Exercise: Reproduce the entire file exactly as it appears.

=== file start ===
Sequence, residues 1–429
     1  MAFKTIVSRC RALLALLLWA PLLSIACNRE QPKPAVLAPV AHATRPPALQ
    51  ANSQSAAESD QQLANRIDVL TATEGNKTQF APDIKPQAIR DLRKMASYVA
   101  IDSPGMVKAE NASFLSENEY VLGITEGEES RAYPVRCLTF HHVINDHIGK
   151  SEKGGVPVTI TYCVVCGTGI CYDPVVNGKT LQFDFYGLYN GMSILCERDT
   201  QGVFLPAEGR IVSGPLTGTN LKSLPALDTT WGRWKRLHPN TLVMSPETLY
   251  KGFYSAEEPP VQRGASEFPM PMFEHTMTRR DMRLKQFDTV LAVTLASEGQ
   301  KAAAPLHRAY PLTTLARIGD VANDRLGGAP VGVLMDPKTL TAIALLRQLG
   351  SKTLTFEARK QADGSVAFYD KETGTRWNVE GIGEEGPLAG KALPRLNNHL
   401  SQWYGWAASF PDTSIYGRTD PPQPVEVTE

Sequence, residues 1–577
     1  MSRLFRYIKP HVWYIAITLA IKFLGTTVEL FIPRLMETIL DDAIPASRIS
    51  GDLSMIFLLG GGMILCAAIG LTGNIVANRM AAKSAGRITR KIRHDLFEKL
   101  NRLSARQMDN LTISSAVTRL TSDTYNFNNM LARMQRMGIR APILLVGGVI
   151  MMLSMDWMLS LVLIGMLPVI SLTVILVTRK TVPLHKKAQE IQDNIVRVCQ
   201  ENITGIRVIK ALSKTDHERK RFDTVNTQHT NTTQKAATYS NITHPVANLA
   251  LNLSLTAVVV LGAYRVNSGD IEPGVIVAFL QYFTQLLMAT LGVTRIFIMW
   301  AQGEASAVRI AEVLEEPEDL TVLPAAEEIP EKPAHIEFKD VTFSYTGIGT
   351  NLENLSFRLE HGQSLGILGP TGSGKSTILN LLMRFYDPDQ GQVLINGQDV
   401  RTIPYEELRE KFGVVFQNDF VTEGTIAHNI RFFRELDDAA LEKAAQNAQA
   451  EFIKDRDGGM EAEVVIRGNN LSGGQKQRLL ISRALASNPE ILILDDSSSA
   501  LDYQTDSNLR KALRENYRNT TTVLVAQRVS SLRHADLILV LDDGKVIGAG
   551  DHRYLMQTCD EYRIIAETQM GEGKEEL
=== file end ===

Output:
Sequence, residues 1–429
     1  MAFKTIVSRC RALLALLLWA PLLSIACNRE QPKPAVLAPV AHATRPPALQ
    51  ANSQSAAESD QQLANRIDVL TATEGNKTQF APDIKPQAIR DLRKMASYVA
   101  IDSPGMVKAE NASFLSENEY VLGITEGEES RAYPVRCLTF HHVINDHIGK
   151  SEKGGVPVTI TYCVVCGTGI CYDPVVNGKT LQFDFYGLYN GMSILCERDT
   201  QGVFLPAEGR IVSGPLTGTN LKSLPALDTT WGRWKRLHPN TLVMSPETLY
   251  KGFYSAEEPP VQRGASEFPM PMFEHTMTRR DMRLKQFDTV LAVTLASEGQ
   301  KAAAPLHRAY PLTTLARIGD VANDRLGGAP VGVLMDPKTL TAIALLRQLG
   351  SKTLTFEARK QADGSVAFYD KETGTRWNVE GIGEEGPLAG KALPRLNNHL
   401  SQWYGWAASF PDTSIYGRTD PPQPVEVTE

Sequence, residues 1–577
     1  MSRLFRYIKP HVWYIAITLA IKFLGTTVEL FIPRLMETIL DDAIPASRIS
    51  GDLSMIFLLG GGMILCAAIG LTGNIVANRM AAKSAGRITR KIRHDLFEKL
   101  NRLSARQMDN LTISSAVTRL TSDTYNFNNM LARMQRMGIR APILLVGGVI
   151  MMLSMDWMLS LVLIGMLPVI SLTVILVTRK TVPLHKKAQE IQDNIVRVCQ
   201  ENITGIRVIK ALSKTDHERK RFDTVNTQHT NTTQKAATYS NITHPVANLA
   251  LNLSLTAVVV LGAYRVNSGD IEPGVIVAFL QYFTQLLMAT LGVTRIFIMW
   301  AQGEASAVRI AEVLEEPEDL TVLPAAEEIP EKPAHIEFKD VTFSYTGIGT
   351  NLENLSFRLE HGQSLGILGP TGSGKSTILN LLMRFYDPDQ GQVLINGQDV
   401  RTIPYEELRE KFGVVFQNDF VTEGTIAHNI RFFRELDDAA LEKAAQNAQA
   451  EFIKDRDGGM EAEVVIRGNN LSGGQKQRLL ISRALASNPE ILILDDSSSA
   501  LDYQTDSNLR KALRENYRNT TTVLVAQRVS SLRHADLILV LDDGKVIGAG
   551  DHRYLMQTCD EYRIIAETQM GEGKEEL